CFED Scorecard

Financial Assets & Income

Outcome Measures

Income Poverty Rate

Asset Poverty Rate

Asset Poverty by Race

Asset Poverty by Gender

Asset Poverty by Family Structure

Liquid Asset Poverty Rate

Liquid Asset Poverty by Race

Liquid Asset Poverty by Gender

Liquid Asset Poverty by Family Structure

Extreme Asset Poverty Rate

Net Worth

Net Worth by Race

Net Worth by Income

Net Worth by Gender

Net Worth by Family Structure

Unbanked Households

Underbanked Households

Households with Savings Accounts

Consumers with Subprime Credit

Borrowers 90+ Days Overdue

Average Credit Card Debt

Bankruptcy Rate

Policy Priorities

Tax Credits for Working Families

State IDA Program Support

Lifting Asset Limits in Public Benefit Programs

Protections from Predatory Short-Term Loans

Additional Policies

Income Tax Threshold

Tax Burden by Income

Prize-Linked Savings

Paperless Payday

Trend Indicators

Change in Net Worth

Change in Asset Poverty

Change in Liquid Asset Poverty

Change in Consumers with Subprime Credit

Change in Average Credit Card Debt

Businesses & Jobs

Housing & Homeownership

Health Care


CFED Assets & Opportunity Scorecard

Net Worth

Reports & Graphics


Median net worth of households, 2010.

Net worth equals the sum of assets attributable to any individual age 15 years and older in a household less any liabilities. Assets included in this measure are interest-earning assets, stocks and mutual fund shares, real estate equity (own home, rental property, vacation homes and land holdings), business equity, and motor vehicles. Liabilities include debts secured by any asset, credit card or store bills, bank loans and other unsecured debts.

Data are point estimates produced from a national survey with relatively small samples for some states, which can result in imprecise estimates and ranks. States are not ranked on this measure because estimates are too imprecise to say with confidence how the state compares to other states. For more information on how we measured precision and to download margin of error data for each state, see here.


Median net worth, a basic indicator of wealth and financial well-being, is the value of assets held by households at the middle of the wealth distribution.  Net worth represents the amount of financial cushion a household has to respond to unexpected events – such as a job loss or unforeseen medical expense – as well as take advantage of opportunities – like buying a home, starting a business or going to college. Building net worth over a lifetime is also essential to adequate retirement and financial security later in life.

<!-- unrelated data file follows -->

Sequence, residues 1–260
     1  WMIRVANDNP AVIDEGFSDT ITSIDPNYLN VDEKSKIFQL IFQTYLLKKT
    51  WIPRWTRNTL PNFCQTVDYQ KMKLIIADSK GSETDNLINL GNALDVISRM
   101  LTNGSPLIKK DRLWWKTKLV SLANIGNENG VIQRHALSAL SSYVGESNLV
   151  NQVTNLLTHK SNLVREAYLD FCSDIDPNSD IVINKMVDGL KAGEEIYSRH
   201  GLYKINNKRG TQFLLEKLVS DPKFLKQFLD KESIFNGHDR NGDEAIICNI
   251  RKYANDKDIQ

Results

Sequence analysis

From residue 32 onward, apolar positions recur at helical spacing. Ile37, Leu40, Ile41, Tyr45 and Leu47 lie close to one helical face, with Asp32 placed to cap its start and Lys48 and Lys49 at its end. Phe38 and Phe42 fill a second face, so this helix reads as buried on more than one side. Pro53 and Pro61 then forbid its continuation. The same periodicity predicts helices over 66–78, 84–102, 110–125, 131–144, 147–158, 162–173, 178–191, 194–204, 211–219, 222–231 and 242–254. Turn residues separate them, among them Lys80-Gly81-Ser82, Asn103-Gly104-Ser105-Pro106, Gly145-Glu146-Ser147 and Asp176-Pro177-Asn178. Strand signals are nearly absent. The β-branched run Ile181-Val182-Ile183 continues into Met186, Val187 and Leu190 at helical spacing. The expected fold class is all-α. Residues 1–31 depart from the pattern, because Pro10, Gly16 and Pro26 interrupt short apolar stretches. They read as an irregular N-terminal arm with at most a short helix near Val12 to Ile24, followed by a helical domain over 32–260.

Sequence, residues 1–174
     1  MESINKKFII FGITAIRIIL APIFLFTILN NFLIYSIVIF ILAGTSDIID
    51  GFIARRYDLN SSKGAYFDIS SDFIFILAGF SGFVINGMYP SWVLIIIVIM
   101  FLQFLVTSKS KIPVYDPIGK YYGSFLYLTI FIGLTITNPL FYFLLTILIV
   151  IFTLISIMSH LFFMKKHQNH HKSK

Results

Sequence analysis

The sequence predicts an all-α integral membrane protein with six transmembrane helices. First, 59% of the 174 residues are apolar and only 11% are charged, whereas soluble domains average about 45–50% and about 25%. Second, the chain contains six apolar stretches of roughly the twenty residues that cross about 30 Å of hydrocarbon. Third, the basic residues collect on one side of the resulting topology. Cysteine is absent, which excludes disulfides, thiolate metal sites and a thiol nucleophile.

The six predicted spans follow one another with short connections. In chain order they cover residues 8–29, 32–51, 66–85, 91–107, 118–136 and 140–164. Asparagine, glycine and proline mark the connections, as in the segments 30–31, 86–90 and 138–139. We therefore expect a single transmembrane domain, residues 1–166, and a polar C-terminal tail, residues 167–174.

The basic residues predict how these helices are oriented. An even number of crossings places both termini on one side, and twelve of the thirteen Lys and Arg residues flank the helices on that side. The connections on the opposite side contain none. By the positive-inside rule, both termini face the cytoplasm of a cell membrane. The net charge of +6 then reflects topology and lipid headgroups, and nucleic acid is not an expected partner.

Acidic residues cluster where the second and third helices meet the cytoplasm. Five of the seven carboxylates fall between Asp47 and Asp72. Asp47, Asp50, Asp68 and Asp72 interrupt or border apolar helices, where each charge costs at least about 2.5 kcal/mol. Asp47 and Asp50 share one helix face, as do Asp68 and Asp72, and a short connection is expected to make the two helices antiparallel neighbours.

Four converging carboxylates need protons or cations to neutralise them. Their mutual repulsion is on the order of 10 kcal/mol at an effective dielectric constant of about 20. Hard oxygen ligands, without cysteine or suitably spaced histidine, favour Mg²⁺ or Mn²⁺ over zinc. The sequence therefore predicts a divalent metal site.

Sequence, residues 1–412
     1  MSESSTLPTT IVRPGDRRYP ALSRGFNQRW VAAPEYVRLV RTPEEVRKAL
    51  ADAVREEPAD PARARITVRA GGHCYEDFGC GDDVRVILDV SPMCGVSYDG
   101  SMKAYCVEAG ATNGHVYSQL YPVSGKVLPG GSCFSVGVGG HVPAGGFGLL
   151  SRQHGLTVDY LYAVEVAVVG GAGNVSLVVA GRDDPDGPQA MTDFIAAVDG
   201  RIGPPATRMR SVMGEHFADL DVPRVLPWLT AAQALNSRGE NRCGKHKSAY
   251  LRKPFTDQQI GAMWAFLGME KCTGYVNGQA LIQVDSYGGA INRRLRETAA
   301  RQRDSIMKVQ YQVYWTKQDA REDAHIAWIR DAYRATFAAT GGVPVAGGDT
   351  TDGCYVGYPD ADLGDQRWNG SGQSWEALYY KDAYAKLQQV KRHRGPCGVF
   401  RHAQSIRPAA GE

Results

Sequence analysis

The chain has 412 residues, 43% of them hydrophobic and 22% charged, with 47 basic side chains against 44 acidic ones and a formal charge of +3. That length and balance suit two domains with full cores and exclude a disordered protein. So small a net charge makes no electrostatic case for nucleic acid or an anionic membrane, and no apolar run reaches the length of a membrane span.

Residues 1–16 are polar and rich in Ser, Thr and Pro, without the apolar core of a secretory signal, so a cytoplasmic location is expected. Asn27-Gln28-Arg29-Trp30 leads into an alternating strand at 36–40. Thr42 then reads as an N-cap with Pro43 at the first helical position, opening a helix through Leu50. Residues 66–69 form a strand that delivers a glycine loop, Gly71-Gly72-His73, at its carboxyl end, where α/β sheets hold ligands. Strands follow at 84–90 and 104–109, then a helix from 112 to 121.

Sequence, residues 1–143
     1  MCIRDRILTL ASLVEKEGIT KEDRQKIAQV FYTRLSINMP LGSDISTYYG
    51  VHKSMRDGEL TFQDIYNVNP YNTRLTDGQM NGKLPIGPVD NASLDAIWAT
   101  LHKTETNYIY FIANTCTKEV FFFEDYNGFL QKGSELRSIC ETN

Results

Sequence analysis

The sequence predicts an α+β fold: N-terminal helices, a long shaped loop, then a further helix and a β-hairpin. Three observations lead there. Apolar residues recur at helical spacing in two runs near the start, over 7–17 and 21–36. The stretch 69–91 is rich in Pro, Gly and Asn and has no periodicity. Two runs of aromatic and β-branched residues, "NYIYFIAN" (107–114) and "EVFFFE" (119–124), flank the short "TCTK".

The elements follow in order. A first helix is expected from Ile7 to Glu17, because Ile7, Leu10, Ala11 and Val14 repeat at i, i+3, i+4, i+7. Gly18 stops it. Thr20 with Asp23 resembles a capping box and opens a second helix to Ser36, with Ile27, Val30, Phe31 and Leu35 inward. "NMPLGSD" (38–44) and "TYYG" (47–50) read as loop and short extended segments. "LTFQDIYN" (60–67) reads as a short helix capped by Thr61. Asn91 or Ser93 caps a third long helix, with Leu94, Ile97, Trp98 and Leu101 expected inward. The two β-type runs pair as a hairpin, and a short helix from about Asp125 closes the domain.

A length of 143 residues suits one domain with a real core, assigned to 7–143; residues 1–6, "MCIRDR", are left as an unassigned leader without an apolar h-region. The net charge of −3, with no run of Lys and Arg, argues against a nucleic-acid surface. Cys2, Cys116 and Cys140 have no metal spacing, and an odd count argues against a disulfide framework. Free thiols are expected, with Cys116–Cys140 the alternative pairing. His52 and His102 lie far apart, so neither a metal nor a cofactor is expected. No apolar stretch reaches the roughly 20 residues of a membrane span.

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Net Worth

StateMedian Net Worth ($)
United States  $68,948 
Alabama  $65,663 
Alaska  — 
Arizona  $51,408 *
Arkansas  $57,251 *
California  $54,432 
Colorado  $83,175 
Connecticut  $113,557 *
Delaware  $117,928 
District of Columbia  $40,200 
Florida  $49,750 
Georgia  $45,000 
Hawaii  $165,645 *
Idaho  $59,618 *
Illinois  $75,665 
Indiana  $65,850 
Iowa  $90,736 
Kansas  $95,412 *
Kentucky  $55,159 *
Louisiana  $61,077 
Maine  $67,870 
Maryland  $165,601 
Massachusetts  $143,620 
Michigan  $72,020 
Minnesota  $128,514 
Mississippi  $33,941 *
Missouri  $76,630 
Montana  — 
Nebraska  $90,516 *
Nevada  — 
New Hampshire  $122,823 
New Jersey  $133,303 
New Mexico  — 
New York  $57,654 
North Carolina  $61,842 
North Dakota  $75,520 
Ohio  $63,002 
Oklahoma  $50,843 
Oregon  $89,549 
Pennsylvania  $93,000 
Rhode Island  $124,025 
South Carolina  $70,441 
South Dakota  $119,939 *
Tennessee  $66,274 *
Texas  $44,612 
Utah  $103,284 *
Vermont  — 
Virginia  $135,245 
Washington  $90,704 *
West Virginia  $111,158 
Wisconsin  $93,496 
Wyoming  $109,494 


Survey of Income and Program Participation, 2008 Panel, Wave 7. Washington, DC: U.S. Department of Commerce, Census Bureau, 2010. Data calculated by the Bay Area Council Economic Institute.

"—" indicates that no data is available, or data is suppressed due to a margin of error that is greater than 50% of the estimate.


* Indicates that the margin of error is greater than 25% of the estimate, and as such, this estimate is too imprecise to rank. Caution should be used when using this data.

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